Youtube, in fact, is widely used for dissemination of creative content for various platforms - for videoblogs, short movies and amateur music recordings. Indeed, one of the most active gaming subcultures in the vast plains of Youtube involve gamers meticulously creating tracks on a music composition programme bundled with Mario Paint, a SNES cartridge from 1992. The situation is an interesting one, as the musical capabilities of the game are now more recognised and appreciated than its more visually-minded aspects. Music composing games are yet to have their breakthrough hits on the consoles and, considering the relative complexity and almost par-for-the-course knowledge, I don't believe they ever truly will. One of the new features added in 2008's Guitar Hero World Tour is a self-styled 'Music Studio', where players are able to write and record their own tracks. This is a major step towards encouraging the legions of Guitar Hero freaks to lay down their own slices of prime rock riffery. However, the studio programme has drawn criticism and comment in reviews for its poor sound quality, lack of vocal support and, probably worst of all, its sheer uninviting complexity. Developers Activision and Neversoft did a good job in opening up the game, but I doubt it will convert many.





More extreme examples of complicated software packaged for the console-buying audience are to be found on the Nintendo DS. The DS is a hugely successful console due not only to its Gameboy-like portability and Nintendo brand loyalty, but for its strong, very widely spanning games library. The handheld manages to sustain multiple subcultures, with varied, often mutually exclusive gaming habits. I have personally heard it described as a 'girl's console' (referring to its pink colour scheme and the popularity of games like Nintendogs) and as a 'brain-training machine' (referring, obviously, to the Dr. Kawashima Brain Age / Training series and its watered down lookalikes). The disparity is such that of the 5 owners I have in my immediate family, only two have any overlaps in their collections, and even that is concerning one title.

One relatively minor subset of the DS game library is made up of music composition tools. The forerunner of this mini-genre is Jam Sessions, which allowed players to put together, and strum through chord sequences. It was a handy, extra portable gizmo, but is a steadfastly secondary accessory to a songwriter's 6-string.





A major breakthrough in this field came in 2008 when AQ Interactive collaborated with Japanese digital music pioneers Korg to create a DS application that fully emulates their MS-10 and MS-20 synthesizers from the late 1970s. Unlike the Guitar Hero Music Studio, the Korg DS-10 is a full recreation of a (very flexible) instrument in its own right, one which has been used by groups and electronic musicians for decades. The DS-10 is a surprisingly robust, powerful package, letting the user edit their own synth and drum machine tones and patterns as well as adding their own effects and modulations (video). The implementation of the DS hardware is outstanding, allowing a much more hands-on approach: synth tracks can be input through the use of a keyboard setup, and dials and knobs can be tweaked and twisted using the touch screen interface. The nuts and bolts of the application are still very sequencer-heavy, and there is little in the way of a tutorial for those who don't know their flange from their saw-tooth wave. Indeed, the manual does describe and illustrate what the buttons and switches do, but not how they effect the sound. This is not necessarily due to obtuseness on behalf of Korg or AQ, but the chunky operational manual that came with the original hardware is required (and, thankfully, free and online) reading.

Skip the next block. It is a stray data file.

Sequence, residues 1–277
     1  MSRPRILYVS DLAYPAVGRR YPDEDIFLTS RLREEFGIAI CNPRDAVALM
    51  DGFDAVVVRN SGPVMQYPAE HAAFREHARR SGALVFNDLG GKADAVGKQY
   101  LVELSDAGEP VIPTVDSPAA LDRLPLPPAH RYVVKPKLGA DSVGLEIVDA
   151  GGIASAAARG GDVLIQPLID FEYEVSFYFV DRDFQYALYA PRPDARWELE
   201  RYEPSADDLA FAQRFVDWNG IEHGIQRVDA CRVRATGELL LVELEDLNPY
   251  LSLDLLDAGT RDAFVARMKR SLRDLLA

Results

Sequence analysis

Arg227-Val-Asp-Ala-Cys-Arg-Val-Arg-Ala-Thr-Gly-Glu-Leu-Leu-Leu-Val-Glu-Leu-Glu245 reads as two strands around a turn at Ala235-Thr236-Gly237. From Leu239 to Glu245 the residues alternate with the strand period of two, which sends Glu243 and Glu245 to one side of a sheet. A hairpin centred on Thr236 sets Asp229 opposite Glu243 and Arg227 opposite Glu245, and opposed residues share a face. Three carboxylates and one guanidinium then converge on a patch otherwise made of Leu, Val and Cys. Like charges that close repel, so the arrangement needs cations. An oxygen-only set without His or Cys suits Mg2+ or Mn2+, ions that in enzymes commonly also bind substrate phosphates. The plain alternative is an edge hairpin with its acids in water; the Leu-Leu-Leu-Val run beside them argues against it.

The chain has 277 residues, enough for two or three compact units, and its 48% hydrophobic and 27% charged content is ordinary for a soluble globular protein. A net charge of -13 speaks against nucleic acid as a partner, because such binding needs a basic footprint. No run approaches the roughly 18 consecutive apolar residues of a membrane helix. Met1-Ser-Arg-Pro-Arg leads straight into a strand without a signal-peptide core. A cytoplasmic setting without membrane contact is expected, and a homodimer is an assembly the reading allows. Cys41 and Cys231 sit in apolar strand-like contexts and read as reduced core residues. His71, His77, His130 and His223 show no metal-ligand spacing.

Despite this initially user-unfriendly veneer, the Korg DS-10 houses one of the most intuitive, easily satisfying pieces of kit in musical creation - the Kaoss Pad. In this implementation, the Kaoss pad traverses along a preset scale, with its pitch and frequency determined by the position of the stylus on the touch-screen. It works like a stylophone, but with extra dynamics. Even over the most rudimentary of backing tracks, the pad allows any DS-scratcher to crank out some synth tunes of their own.





However, despite this small glimmer of unskilled appeal, the DS-10 requires, even expects, a certain level of competency to make good use of its depth. It isn't a game, really, it is a composition tool, a musical application. This distinction led IGN to review it as thus, rating it alongside its bigger siblings on desktops like Fruityloops (earning it a negative write-up in comparison). Nevertheless, I think that they missed the point. Part of the DS-10's genius and charm is its appearance on such a popular console. The great game buying public may not pick it up and place it in their basket next to the latest crowd pleaser or brain teaser, but it is the closest thing to pure musical expression I can think of outside of 'real instruments' and computer-based home studio software. And hey, at least there's an audience for it somewhere, and they're uploading and sharing their tunes on, you guessed it, Youtube.

These musical games, with their relatively complicated systems of tracking and composing, probably stray too far into the less entertaining, more brow-furrowing side of the toy/tool binary, but they raise a good point. Can a video game include necessary 'creative software' while still enticing the gamer with pick-up-and-play accessibility? I'm not so sure. Maybe, somewhere out there, there is a developer turning their eyes onto bringing musical expression into the living room. A game project that harnesses the joy of dress-up, but keeps a firm-footing in imaginative play, while overcoming apathy and laziness. Turning karaoke enthusiasm into creative expression. Making education and creativity fun and easy to get the hang of - a musical Little Big Planet. For the time being, though, I'm hoping some child out there, ripping into their pile of birthday presents expecting America's Next Top Model: The Game or Imagine Teacher/Dream Wedding/Interior Designer (etc), is surprised to be confronted with a Korg DS-10. Sometimes all they need is a nudge.


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Thanks to the fellows at O'Reilly Digital Media for the Korg DS-10 in action pic.